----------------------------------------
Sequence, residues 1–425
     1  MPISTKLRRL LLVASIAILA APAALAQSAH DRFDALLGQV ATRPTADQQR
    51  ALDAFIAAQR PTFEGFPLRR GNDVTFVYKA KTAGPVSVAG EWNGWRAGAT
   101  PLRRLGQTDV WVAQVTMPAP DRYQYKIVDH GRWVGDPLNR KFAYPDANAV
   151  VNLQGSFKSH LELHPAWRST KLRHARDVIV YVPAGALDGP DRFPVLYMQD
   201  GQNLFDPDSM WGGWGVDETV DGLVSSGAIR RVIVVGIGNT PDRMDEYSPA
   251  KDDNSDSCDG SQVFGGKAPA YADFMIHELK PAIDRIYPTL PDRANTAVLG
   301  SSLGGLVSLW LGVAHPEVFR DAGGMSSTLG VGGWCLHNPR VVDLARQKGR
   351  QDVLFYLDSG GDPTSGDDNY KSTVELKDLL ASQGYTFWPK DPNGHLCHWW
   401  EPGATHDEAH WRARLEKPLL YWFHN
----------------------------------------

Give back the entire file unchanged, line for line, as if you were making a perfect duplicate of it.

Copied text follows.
Sequence, residues 1–425
     1  MPISTKLRRL LLVASIAILA APAALAQSAH DRFDALLGQV ATRPTADQQR
    51  ALDAFIAAQR PTFEGFPLRR GNDVTFVYKA KTAGPVSVAG EWNGWRAGAT
   101  PLRRLGQTDV WVAQVTMPAP DRYQYKIVDH GRWVGDPLNR KFAYPDANAV
   151  VNLQGSFKSH LELHPAWRST KLRHARDVIV YVPAGALDGP DRFPVLYMQD
   201  GQNLFDPDSM WGGWGVDETV DGLVSSGAIR RVIVVGIGNT PDRMDEYSPA
   251  KDDNSDSCDG SQVFGGKAPA YADFMIHELK PAIDRIYPTL PDRANTAVLG
   301  SSLGGLVSLW LGVAHPEVFR DAGGMSSTLG VGGWCLHNPR VVDLARQKGR
   351  QDVLFYLDSG GDPTSGDDNY KSTVELKDLL ASQGYTFWPK DPNGHLCHWW
   401  EPGATHDEAH WRARLEKPLL YWFHN